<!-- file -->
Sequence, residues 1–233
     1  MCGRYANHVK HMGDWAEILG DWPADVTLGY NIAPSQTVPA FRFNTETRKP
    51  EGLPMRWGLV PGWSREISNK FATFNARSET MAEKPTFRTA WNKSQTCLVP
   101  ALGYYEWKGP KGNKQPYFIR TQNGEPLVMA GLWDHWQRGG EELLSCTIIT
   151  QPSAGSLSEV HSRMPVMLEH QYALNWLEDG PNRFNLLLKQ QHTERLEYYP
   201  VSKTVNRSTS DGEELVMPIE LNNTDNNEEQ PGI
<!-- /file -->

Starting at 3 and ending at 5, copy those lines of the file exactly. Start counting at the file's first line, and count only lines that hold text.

    51  EGLPMRWGLV PGWSREISNK FATFNARSET MAEKPTFRTA WNKSQTCLVP
   101  ALGYYEWKGP KGNKQPYFIR TQNGEPLVMA GLWDHWQRGG EELLSCTIIT
   151  QPSAGSLSEV HSRMPVMLEH QYALNWLEDG PNRFNLLLKQ QHTERLEYYP